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Overview

metacognition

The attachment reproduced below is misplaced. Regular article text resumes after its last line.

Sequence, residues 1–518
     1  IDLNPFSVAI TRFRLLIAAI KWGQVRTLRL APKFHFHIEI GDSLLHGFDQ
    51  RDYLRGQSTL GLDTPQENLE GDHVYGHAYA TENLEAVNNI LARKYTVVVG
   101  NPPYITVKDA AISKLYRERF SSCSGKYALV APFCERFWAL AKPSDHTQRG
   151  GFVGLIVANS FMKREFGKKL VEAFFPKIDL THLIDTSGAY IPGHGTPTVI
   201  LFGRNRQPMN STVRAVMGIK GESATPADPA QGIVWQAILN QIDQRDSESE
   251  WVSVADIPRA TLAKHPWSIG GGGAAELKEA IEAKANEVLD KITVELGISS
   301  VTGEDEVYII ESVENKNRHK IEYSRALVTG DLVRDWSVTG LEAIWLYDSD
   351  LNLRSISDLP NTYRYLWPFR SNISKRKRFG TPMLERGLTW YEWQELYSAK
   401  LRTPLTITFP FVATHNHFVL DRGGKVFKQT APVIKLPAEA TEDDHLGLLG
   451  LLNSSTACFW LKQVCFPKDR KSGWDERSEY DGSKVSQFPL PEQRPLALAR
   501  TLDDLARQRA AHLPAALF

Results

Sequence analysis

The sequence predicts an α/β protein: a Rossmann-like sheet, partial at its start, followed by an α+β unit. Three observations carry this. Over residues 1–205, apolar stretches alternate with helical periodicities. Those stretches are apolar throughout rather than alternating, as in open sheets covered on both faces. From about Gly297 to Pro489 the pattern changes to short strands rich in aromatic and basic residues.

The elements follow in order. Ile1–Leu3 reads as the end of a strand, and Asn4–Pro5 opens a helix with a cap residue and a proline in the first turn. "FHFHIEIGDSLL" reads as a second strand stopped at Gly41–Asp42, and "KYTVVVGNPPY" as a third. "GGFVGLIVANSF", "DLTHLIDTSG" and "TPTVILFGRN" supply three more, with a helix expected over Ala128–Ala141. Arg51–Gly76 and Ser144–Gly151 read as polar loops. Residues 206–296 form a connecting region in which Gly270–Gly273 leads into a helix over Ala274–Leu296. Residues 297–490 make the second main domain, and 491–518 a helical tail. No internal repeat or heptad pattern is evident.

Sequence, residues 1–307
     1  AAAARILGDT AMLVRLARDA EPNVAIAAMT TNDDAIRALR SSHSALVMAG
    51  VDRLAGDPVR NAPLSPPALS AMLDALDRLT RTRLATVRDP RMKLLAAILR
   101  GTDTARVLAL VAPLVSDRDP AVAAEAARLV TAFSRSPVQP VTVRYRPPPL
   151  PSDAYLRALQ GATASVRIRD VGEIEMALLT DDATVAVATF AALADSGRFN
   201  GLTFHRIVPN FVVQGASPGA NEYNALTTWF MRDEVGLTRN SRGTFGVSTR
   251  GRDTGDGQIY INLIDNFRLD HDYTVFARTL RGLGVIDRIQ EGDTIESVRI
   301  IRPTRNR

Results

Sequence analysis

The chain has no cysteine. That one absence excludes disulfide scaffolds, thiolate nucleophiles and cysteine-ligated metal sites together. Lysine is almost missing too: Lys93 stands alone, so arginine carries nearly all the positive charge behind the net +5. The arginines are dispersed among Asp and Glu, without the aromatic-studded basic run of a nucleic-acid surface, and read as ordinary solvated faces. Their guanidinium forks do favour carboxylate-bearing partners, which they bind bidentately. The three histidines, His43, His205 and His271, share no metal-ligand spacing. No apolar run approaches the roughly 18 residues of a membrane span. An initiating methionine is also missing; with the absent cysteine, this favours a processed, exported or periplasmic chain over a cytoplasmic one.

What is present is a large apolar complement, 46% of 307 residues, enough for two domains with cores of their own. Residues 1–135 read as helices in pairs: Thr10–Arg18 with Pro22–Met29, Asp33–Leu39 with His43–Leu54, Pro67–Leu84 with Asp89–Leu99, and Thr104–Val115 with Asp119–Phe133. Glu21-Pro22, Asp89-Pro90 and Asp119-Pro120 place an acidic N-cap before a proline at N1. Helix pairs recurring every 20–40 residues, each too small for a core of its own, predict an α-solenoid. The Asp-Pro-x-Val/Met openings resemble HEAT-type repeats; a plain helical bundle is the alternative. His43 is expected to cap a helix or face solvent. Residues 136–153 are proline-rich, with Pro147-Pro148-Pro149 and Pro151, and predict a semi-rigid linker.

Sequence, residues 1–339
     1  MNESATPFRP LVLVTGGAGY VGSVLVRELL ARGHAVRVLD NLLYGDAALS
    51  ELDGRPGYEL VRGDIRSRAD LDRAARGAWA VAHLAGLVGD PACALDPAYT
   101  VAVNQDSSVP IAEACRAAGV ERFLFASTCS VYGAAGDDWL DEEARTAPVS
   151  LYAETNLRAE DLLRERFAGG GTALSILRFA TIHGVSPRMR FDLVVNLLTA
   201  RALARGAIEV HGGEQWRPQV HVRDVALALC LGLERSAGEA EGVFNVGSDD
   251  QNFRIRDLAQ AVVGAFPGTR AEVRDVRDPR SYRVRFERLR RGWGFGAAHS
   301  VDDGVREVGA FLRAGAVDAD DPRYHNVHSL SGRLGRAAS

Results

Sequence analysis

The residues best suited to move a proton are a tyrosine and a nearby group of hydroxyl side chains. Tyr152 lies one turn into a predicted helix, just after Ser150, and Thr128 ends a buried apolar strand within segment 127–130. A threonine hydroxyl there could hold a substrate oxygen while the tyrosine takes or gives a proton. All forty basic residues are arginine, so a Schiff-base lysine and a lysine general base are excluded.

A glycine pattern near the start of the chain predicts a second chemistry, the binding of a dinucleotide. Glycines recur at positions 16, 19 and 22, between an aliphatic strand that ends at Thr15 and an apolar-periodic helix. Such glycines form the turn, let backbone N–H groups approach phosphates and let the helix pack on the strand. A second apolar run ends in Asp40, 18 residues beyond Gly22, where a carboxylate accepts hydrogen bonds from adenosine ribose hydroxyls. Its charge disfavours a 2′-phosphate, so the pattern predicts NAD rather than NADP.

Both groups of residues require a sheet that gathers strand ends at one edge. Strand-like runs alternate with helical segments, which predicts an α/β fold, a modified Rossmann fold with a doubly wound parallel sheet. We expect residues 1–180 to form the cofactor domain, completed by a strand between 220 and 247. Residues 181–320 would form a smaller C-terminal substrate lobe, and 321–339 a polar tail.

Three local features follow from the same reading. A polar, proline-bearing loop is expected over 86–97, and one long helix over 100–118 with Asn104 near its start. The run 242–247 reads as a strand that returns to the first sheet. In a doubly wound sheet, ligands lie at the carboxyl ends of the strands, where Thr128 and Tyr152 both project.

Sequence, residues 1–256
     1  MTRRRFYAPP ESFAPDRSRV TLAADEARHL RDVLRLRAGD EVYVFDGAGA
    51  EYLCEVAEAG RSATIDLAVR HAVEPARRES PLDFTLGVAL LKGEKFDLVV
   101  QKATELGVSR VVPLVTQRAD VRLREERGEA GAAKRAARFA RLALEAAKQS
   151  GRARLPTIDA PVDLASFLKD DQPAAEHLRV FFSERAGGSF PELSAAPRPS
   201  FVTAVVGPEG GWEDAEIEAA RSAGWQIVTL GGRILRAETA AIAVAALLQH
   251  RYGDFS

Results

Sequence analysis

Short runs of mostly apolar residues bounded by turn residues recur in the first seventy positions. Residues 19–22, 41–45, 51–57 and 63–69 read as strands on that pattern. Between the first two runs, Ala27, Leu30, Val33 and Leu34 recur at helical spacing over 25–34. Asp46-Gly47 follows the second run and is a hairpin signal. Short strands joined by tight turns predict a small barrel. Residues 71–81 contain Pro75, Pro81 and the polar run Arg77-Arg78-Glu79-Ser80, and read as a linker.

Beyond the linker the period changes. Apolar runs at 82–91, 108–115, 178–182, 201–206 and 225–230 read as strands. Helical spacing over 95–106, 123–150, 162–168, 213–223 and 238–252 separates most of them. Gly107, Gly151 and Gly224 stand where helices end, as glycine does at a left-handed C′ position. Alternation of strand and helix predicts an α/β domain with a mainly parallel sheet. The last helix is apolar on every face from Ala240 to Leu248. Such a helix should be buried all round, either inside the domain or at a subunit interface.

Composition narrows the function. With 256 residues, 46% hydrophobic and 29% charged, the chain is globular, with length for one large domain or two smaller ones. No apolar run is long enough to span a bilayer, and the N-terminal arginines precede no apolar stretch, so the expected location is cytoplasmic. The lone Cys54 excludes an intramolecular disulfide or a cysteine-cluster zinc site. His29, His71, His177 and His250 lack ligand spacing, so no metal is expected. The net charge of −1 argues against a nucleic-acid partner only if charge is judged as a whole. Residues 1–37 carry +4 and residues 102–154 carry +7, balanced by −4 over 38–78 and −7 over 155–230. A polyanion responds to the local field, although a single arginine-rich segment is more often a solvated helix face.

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Knowledge and beliefs about one's own cognitive processes, an important class of metacognition being metamemory. The term is also sometimes applied to regulation of cognitive functions, including planning, checking, or monitoring, as when one plans one's cognitive strategy for memorizing something, checks one's accuracy while performing mental arithmetic, or monitors one's comprehension while reading, and these forms of metacognition are called metacognitive regulation in contradistinction to metacognitive knowledge. Writings on metacognition can be traced back at least as far as De Anima and the Parva Naturalia of the Greek philosopher Aristotle (384–322bc), and the phenomenon was brought to prominence during the 1970s largely by the US psychologist John H(urley) Flavell (born 1928), who focused attention especially on developmental aspects of metacognition. In an influential article in the journal Psychological Review in 1977, the US psychologists Richard E. Nisbett (born 1941) and Timothy D. Wilson (born 1951) summarized a range of evidence suggesting that people are often unaware of the factors influencing their own choices, evaluations, and behaviour, and that the verbal reports that they give when questioned are often quite erroneous and misleading. See also reality monitoring. [From Greek meta beside or beyond + English cognition]


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